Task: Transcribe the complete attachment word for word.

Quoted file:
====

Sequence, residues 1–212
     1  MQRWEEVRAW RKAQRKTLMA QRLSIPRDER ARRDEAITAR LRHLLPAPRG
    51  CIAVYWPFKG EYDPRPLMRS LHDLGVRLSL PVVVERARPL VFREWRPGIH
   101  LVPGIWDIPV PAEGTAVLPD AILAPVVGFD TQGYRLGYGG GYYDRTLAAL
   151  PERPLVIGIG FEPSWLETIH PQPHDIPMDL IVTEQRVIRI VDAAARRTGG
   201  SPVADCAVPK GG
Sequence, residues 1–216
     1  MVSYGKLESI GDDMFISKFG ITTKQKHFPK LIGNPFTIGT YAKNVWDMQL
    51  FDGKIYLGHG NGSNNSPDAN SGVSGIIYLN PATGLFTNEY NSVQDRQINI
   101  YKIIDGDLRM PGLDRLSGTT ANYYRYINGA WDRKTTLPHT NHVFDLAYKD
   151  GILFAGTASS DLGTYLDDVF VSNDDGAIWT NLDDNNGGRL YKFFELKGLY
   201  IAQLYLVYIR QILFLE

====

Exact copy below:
Sequence, residues 1–212
     1  MQRWEEVRAW RKAQRKTLMA QRLSIPRDER ARRDEAITAR LRHLLPAPRG
    51  CIAVYWPFKG EYDPRPLMRS LHDLGVRLSL PVVVERARPL VFREWRPGIH
   101  LVPGIWDIPV PAEGTAVLPD AILAPVVGFD TQGYRLGYGG GYYDRTLAAL
   151  PERPLVIGIG FEPSWLETIH PQPHDIPMDL IVTEQRVIRI VDAAARRTGG
   201  SPVADCAVPK GG
Sequence, residues 1–216
     1  MVSYGKLESI GDDMFISKFG ITTKQKHFPK LIGNPFTIGT YAKNVWDMQL
    51  FDGKIYLGHG NGSNNSPDAN SGVSGIIYLN PATGLFTNEY NSVQDRQINI
   101  YKIIDGDLRM PGLDRLSGTT ANYYRYINGA WDRKTTLPHT NHVFDLAYKD
   151  GILFAGTASS DLGTYLDDVF VSNDDGAIWT NLDDNNGGRL YKFFELKGLY
   201  IAQLYLVYIR QILFLE